Table 2. Top-down and bottom-up approaches in prior literature on living labs

Construct

Definition of construct

Sources

Top-down

Top-down as a structure and mechanism for managing technology adaptations in an organizational setting

Budweg et al. (2011)

Top-down as a need validation in experimental situations

Lievens et al. (2011)

Top-down as a principle for innovation development

Leminen et al. (2011)

Top-down as a principle for managing innovation development in networks

Leminen et al. (2012)

Top-down as a company-led innovation model

Tang et al. (2012)

Bottom-up

Bottom-up as a construct of nine characteristics for describing living labs           

Følstad (2008)

Schuurman et al. (2011)

Bottom-up as user´s role in innovation process

Pascau & van Lieshout (2009)

Bottom-up as a tool for adaption opportunities for local stakeholders as well as strategy and process

Budweg et al. (2011)

Bottom-up as a source of needs and requirements

Lievens et al. (2011)

Bottom-up as a principle for innovation development

Leminen et al. (2011)

Bottom-up as a principle for facilitating innovation development in networks

Leminen et al. (2012)

Bottom-up as grassroots innovation for communities

Tang et al. (2012)

To sum up, the current literature on living labs distinguishes two diverse streams on coordination in open innovation networks. The first stream assumes that the network is coordinated by the needs and wishes of a single party. It further assumes that innovation is driven by an individual actor in an open network and takes either a top-down or bottom-approach. The second stream assumes that innovation development in open innovation networks takes place in combination with both top-down and bottom-up approaches. This synthesis may be found in innovation networks with multiple actors such as in living labs. This study applies the first literature stream on coordination;  the second stream fails to address that an innovation network is driven by a single actor and that all actors may have goals of their own as well as shared goals (Leminen and Westerlund, 2012).

Methodology

This study employed a qualitative research approach in analyzing 26 living labs in four countries: Finland, South Africa, Spain, and Sweden. These countries were chosen because of their diversity and number of living labs and their leading-edge positions of establishing living lab networks (i.e., European Network of Living Labs) in 2012. There is a good potential for transferability of findings because this sample can be considered representative of countries having existing living labs. The cases were selected according to following criteria: i) each case must apply a living labs approach based on open innovation initiatives; ii) each case must include the development of a new product/service, a business concept, or social innovation with multiple actors; and iii) each case must involve users, user groups, or a user community in their everyday life or a simulation.

The data was collected between 2008 and 2011, and included interviews with 103 participants from living labs. The purpose of the interviews was to increase the understanding of innovation mechanisms in living labs. The interviews were carried out as face-to-face discussions, which lasted typically between 60 to 90 minutes. Primary data informants were CEOs, CTOs, sales directors, project managers, researchers, project coordinators, and users. Core actors were selected in every living lab, because not all stakeholders could be interviewed in each living lab. The interviews covered themes such as background information, organizing the living lab, actualizing the living lab, and as well as results and outcomes of innovation in living labs.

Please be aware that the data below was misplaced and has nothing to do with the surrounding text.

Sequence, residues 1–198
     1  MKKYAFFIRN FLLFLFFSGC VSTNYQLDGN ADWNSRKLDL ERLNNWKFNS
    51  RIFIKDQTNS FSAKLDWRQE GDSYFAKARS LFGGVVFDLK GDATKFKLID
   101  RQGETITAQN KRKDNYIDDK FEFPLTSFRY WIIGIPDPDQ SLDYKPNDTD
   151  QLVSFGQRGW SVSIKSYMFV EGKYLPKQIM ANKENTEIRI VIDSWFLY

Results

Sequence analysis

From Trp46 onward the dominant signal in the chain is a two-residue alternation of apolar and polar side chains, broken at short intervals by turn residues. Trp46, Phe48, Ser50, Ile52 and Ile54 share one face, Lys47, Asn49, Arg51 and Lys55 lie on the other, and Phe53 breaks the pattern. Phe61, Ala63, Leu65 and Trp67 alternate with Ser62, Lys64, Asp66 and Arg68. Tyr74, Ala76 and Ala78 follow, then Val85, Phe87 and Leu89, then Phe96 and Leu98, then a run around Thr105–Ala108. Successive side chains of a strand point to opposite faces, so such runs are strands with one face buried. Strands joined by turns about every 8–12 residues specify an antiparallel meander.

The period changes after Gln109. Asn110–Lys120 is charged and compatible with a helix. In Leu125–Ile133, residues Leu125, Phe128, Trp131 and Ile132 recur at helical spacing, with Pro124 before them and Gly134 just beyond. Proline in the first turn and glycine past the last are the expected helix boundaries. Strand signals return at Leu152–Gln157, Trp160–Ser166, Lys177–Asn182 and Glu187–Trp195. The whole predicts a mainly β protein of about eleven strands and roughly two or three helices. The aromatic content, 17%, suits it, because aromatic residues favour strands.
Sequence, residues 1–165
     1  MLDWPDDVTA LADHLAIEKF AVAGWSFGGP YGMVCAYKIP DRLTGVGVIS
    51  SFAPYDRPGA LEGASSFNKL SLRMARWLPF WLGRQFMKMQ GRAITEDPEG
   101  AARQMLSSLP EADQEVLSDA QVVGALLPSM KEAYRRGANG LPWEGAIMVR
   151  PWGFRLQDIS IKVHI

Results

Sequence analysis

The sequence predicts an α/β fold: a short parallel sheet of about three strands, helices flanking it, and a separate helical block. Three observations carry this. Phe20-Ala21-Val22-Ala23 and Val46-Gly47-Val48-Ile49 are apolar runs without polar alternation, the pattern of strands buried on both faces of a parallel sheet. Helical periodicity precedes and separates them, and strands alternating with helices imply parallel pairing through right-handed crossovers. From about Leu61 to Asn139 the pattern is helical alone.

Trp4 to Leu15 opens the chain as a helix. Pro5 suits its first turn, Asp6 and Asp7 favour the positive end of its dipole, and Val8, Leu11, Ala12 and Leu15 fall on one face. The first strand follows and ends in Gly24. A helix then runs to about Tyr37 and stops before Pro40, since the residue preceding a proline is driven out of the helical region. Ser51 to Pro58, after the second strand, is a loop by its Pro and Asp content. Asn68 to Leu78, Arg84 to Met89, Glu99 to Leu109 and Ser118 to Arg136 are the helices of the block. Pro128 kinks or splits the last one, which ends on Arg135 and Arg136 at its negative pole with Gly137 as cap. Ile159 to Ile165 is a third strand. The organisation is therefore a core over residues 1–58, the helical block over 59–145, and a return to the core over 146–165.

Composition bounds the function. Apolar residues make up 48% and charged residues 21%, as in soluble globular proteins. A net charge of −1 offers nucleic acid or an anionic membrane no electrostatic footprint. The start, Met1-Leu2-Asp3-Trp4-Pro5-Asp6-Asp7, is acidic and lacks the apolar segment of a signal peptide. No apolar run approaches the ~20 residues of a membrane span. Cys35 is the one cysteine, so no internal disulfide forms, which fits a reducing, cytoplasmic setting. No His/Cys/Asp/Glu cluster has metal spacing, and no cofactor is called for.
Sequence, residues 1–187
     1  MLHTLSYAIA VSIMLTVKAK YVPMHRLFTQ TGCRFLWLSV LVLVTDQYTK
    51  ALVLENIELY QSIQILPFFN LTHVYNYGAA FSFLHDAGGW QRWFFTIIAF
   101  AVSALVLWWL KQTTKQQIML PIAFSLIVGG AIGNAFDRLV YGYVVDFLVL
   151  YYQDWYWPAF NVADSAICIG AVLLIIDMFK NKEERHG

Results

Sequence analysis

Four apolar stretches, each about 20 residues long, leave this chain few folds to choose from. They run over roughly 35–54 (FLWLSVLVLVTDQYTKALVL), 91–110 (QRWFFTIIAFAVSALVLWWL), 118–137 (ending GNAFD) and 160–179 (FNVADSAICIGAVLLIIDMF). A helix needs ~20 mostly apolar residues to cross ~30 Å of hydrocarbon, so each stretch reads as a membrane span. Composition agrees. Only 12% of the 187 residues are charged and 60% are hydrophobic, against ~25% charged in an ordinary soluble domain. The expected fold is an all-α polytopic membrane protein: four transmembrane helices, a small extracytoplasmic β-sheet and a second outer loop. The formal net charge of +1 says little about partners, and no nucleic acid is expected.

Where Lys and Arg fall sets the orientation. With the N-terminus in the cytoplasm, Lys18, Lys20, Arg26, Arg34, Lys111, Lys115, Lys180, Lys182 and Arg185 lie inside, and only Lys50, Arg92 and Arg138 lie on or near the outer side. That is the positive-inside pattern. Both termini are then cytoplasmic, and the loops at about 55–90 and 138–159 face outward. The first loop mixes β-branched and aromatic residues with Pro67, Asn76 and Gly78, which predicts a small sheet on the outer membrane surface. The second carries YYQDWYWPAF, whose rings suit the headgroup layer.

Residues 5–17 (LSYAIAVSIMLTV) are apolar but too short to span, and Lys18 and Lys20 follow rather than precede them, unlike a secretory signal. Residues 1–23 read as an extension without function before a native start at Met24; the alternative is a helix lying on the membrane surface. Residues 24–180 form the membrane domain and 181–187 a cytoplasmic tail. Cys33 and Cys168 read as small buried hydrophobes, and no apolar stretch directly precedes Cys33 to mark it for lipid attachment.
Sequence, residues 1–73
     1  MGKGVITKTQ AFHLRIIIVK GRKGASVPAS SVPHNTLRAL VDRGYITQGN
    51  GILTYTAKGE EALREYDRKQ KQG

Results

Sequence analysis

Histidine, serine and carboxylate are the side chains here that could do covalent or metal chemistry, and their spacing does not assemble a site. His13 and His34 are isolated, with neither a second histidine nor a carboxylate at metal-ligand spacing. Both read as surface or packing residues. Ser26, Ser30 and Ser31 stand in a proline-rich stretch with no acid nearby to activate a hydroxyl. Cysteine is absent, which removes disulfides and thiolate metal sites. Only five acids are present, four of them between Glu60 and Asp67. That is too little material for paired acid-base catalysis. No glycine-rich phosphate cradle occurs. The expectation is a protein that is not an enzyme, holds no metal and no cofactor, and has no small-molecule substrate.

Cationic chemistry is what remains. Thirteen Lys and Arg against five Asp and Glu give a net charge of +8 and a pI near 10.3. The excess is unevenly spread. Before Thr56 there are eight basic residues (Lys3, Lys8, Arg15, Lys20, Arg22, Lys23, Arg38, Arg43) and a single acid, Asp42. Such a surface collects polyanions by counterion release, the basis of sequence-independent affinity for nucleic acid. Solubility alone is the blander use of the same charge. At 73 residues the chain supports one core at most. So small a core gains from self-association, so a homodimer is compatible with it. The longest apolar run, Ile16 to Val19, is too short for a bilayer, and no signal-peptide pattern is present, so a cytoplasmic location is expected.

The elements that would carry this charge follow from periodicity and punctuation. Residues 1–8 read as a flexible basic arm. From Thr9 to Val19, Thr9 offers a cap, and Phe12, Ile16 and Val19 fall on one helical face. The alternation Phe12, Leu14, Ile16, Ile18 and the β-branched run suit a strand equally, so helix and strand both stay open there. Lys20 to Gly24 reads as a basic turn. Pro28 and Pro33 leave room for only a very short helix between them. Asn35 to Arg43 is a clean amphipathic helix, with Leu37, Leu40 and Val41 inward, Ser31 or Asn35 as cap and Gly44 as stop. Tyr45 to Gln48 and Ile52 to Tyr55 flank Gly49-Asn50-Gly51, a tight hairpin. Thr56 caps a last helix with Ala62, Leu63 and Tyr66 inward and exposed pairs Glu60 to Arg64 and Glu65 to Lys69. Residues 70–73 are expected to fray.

Websites, bulletins, magazines, and case reports comprised the secondary data source for the study. In the first phase, the empirical data was systematized according to living lab, date of interview, and type of informant. This study analyzed and coded actors and driving actors from transcribed interview data without prior assumptions about actors (i.e., using open coding). Then, this study applied focused coding: the explored categorization was compared to the conceptualization of driven actors by Leminen, Westerlund, and Nyström (2012).

In the third phase, this study investigated thoroughly each living lab case to describe the coordination approach and compare it to Sabatier's (1986) typology. In the fourth phase, this study detected previously unknown participation approaches (“inhalation dominated” versus “exhalation dominated”) to distinguish innovation in living labs based on case analysis. Finally, this study synthesized the results and concluded by describing the coordination approach and participation approach. Table 3 synthesizes the data analysis process and its phases.

Table 3. Data analysis process

Data Analysis Phases

Task

Outcome

1. Open coding

  • Organize living lab cases
  • Identify actors in each case

Overview of living lab cases

2. Focused coding

  • Identify the driving actor in each living lab

Determination of the driving actor (Leminen et al., 2012) in each living lab case

3. Focused coding

  • Identify and analyze coordination approach
  • Compare data to theory

Classification of coordination approaches based on Sabatier (1986)

4. Identifying innovation in living lab networks

  • Identify for whom innovation activities are conducted

Detection of previously unknown participation approach to innovation

5. Theorizing the codes

  • Synthesize phases 1 to 4

Findings and results on innovation development in living labs

Findings